Not so fast, Amazon. The tech giant's $13.7 billion acquisition of Whole Foods made headlines last week, but the Los Angeles Times reports it may not be as done a deal as previously believed. Amazon agreed to pay $42 per share for the grocery chain, but those shares closed at more than $43 Monday. That means investors expect a higher bid to come in, with one expert calling it "highly likely." Potential bidders include Kroger, Albertsons, and Walmart. And while it's unlikely anyone could outbid Amazon, its competitors have an obvious interest in making Amazon's takeover of Whole Foods as financially painful for it as possible. Here's what else you need to know:
- Vox reports an Amazon-operated Whole Foods could be a nightmare for other grocery chains. That's because while grocery stores have tiny profit margins, Amazon intentionally has essentially no profit margins at all: Money that comes in is reinvested in new endeavors. Amazon could immediately cut prices at the notoriously expensive Whole Foods, undercutting competitors without worry for its own bottom line.
- Whole Foods CEO John Mackey says the Amazon takeover started with a "blind date" six weeks ago. “We just fell in love,” the Wall Street Journal quotes Mackey as saying. “It was truly love at first sight."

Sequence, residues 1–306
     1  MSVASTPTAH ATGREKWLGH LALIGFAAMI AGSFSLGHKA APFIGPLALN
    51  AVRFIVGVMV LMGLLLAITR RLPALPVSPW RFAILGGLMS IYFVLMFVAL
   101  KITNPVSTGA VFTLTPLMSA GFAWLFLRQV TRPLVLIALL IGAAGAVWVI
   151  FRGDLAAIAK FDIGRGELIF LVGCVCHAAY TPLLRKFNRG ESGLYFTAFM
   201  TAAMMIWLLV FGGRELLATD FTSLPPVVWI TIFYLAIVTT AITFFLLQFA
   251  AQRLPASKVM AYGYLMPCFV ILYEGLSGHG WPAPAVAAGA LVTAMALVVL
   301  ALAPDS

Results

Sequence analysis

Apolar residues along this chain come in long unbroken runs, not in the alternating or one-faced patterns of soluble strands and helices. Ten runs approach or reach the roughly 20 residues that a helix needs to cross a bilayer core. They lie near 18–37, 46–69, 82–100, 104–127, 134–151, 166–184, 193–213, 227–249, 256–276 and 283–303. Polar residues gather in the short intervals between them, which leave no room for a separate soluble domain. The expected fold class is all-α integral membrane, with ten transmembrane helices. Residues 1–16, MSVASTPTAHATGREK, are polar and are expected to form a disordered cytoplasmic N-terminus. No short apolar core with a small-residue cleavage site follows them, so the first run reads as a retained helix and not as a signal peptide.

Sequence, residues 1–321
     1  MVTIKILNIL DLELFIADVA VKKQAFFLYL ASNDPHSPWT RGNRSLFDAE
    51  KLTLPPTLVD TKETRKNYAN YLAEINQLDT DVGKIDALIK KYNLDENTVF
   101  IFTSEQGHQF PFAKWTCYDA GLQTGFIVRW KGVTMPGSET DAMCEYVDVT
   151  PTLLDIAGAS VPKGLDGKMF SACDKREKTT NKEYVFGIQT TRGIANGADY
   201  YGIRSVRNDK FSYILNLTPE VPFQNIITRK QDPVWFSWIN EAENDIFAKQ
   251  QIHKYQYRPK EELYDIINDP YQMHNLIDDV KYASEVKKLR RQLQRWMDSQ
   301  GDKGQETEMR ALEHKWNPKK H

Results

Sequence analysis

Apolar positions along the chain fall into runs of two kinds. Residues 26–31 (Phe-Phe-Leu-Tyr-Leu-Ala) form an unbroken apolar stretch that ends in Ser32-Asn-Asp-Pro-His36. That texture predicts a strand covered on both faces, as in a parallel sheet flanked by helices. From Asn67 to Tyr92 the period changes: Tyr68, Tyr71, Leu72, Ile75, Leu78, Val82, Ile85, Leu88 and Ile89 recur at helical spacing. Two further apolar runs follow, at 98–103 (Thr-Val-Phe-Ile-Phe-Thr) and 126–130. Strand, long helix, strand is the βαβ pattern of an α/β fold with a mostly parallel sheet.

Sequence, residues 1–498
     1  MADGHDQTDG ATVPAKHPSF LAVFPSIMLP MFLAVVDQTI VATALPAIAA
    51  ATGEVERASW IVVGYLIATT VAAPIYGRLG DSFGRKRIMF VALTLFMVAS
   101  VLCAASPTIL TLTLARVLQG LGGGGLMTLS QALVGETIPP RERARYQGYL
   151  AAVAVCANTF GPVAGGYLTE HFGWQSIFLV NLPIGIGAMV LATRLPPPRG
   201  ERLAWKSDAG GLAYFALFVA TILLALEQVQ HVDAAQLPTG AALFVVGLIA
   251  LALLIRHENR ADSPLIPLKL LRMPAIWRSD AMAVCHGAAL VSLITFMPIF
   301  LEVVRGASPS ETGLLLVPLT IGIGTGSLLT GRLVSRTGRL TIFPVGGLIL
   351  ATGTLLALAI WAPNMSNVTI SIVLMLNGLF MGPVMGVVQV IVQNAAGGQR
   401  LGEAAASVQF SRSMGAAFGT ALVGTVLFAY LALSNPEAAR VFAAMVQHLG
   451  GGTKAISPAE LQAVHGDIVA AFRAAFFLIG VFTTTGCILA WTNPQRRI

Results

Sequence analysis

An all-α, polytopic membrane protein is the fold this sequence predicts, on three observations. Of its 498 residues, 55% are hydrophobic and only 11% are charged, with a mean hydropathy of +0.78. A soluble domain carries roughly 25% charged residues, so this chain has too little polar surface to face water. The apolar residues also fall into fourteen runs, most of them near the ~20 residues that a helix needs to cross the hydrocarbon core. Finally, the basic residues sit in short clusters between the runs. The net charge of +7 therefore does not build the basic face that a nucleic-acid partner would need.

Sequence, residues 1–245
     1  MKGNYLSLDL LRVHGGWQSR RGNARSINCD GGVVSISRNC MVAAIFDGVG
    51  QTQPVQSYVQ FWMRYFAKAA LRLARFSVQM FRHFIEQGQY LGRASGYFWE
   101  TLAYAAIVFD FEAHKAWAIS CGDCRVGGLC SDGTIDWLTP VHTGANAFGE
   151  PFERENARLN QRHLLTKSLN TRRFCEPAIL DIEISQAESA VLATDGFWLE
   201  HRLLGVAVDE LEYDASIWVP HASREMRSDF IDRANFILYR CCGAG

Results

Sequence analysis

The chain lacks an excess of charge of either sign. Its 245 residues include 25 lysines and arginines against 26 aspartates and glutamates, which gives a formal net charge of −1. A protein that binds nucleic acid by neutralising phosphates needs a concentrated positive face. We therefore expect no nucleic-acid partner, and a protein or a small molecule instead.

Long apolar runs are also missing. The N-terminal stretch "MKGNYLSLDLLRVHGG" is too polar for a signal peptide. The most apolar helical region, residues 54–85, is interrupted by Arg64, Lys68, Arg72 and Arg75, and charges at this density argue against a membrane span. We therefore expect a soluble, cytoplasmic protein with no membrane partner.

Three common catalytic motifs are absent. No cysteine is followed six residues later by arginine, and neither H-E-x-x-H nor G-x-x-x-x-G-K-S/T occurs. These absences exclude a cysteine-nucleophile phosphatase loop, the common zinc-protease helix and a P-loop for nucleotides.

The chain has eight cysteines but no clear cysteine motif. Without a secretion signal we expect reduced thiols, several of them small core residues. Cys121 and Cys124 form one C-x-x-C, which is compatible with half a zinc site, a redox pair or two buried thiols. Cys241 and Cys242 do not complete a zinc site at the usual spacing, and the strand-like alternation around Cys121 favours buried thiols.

- One economist expects Amazon's acquisition of Whole Foods to start "a supermarket war of historic proportions," and CNBC reports that would lead to plummeting prices that could kill the expected rise in inflation the Fed was hoping for.
- Bloomberg argues it's not grocery stores that should be most worried, but the companies that make the packaged goods that line their shelves. Amazon is already making its own diapers and batteries and could decimate the profit margins of consumer-goods companies by expanding that program through Whole Foods.
- Amazon could hurt packaged food companies like Kellogg and Campbell Soup in another way, CNBC reports. Customers were already turning toward fresher food options, and the acquisition of Whole Foods could accelerate that process.
- Finally, the acquisition of Whole Foods would increase the net worth of Amazon CEO Jeff Bezos by approximately $1.8 billion, according to UPI. That would increase his wealth to $84.6 billion, bringing him within $5 billion of Bill Gates, the world's richest man.
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